Hoi An turns into a walkabout town
The Hoi An City People’s Committee chairman, Le Van Giang, said the old town is trying to preserve its tranquility and deal with commercialisation.
Traffic problems have already started to blight the old town’s environment and there are signs that air pollution, caused by vehicle exhausts, is damaging historical buildings.
The town became motorised vehicle free, 2 February, during business hours and the rule included even non-polluting electrical bikes.
The restriction applies 0800 to 1100 and f-rom 1400 to 1600, six days a week. Tour buses have to park in designated zones f-rom whe-re tourists must walk, or cycle, to the historical area of the town.
“Since the town has been a pedestrianised, we have already monitored a positive response f-rom visitors,” the chairman said.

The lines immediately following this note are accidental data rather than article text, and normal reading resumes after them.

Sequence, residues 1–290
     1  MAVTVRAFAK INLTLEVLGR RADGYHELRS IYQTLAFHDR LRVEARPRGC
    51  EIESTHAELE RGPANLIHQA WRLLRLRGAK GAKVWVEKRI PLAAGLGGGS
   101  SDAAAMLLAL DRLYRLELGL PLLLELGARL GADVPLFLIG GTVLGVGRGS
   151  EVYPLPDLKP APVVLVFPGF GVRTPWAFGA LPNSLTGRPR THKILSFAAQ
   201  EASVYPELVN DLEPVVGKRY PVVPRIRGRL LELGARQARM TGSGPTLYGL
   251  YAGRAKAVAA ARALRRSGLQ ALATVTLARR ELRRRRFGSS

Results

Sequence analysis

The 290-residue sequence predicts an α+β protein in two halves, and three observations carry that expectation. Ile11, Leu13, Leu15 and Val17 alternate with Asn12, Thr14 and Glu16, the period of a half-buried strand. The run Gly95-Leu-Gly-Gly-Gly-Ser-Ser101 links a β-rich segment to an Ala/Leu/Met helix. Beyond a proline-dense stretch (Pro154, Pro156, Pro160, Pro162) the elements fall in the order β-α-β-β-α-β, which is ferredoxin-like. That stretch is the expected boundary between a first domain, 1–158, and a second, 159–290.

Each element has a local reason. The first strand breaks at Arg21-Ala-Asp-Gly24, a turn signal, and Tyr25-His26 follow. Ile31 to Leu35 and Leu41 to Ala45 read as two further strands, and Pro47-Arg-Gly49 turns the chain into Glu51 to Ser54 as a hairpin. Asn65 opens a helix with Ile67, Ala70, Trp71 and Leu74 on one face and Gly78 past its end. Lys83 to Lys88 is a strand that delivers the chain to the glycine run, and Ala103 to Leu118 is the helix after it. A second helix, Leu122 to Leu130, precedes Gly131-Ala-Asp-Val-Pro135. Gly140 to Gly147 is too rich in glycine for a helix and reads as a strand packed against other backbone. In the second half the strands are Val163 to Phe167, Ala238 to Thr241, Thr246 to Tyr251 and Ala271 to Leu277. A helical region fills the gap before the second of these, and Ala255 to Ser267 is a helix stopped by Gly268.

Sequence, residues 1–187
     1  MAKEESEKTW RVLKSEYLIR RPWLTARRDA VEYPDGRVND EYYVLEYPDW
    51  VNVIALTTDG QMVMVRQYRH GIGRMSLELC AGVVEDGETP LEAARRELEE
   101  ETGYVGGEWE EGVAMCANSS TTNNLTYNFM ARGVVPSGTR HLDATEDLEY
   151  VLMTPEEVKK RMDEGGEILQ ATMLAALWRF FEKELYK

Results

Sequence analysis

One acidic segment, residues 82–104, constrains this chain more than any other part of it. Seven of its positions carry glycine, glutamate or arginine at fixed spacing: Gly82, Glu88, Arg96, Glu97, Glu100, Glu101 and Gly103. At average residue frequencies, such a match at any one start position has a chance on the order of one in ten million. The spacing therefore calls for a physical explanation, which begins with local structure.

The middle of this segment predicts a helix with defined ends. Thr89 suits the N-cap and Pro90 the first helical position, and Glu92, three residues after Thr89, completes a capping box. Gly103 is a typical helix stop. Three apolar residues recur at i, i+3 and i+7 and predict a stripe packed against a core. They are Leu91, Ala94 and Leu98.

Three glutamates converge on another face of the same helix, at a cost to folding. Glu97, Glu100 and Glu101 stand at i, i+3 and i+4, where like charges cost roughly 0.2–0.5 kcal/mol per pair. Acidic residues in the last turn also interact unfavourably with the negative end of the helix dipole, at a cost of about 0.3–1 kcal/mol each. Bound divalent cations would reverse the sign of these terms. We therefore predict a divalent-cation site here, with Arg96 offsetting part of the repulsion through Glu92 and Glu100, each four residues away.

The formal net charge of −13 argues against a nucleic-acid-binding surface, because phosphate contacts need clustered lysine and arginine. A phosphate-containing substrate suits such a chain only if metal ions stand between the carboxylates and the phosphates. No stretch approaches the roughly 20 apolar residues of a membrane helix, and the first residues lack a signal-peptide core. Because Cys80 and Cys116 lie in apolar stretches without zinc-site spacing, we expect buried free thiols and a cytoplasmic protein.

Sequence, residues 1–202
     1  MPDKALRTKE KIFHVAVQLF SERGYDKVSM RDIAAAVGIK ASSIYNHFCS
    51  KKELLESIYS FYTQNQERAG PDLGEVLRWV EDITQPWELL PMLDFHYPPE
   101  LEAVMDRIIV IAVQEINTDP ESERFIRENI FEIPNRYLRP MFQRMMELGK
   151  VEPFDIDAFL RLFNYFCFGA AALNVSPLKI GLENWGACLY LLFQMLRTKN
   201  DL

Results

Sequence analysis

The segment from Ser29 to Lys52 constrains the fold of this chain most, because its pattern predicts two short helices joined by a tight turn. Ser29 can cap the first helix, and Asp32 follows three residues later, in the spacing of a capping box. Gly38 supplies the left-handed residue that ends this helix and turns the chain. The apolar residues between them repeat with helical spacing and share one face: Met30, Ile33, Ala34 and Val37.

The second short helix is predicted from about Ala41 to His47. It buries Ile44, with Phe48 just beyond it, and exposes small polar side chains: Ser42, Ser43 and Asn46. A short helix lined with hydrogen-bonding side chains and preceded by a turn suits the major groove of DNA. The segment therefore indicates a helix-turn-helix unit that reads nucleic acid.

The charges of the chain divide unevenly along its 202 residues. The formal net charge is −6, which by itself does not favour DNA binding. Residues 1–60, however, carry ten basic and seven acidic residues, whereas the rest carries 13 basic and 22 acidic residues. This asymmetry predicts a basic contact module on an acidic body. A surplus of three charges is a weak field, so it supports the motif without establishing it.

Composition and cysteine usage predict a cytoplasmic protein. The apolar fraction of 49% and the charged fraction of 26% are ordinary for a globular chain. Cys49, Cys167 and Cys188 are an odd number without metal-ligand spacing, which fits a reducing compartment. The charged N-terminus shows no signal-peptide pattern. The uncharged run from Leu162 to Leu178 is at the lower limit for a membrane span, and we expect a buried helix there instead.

United Nations Industrial Development Organisation Vietnam official, Le Thi Thanh Thao, said the UNIDO is managing a project to make Hoi An Vietnam’s first eco-town.
“The project will help the city adopt a green economy and assist SMEs to focus on energy saving as well as improve environmental aspects of tourism and craft industries.”
In 2011, the town attracted 1.52 million tourists an increase of 18.3% year-on-year. Of that, 750,000 were international tourists.
Sightseeing visits stood at 1.13 million, while visitors staying overnight represented 649,000 for an average of 2.16 days per person.
The old town was designated a UNESCO World Heritage Site in 1999 based on its trading port status dating back to the 15th to 19th centuries and its well-preserved buildings along its river estuary linked to a flourishing sea trade f-rom China.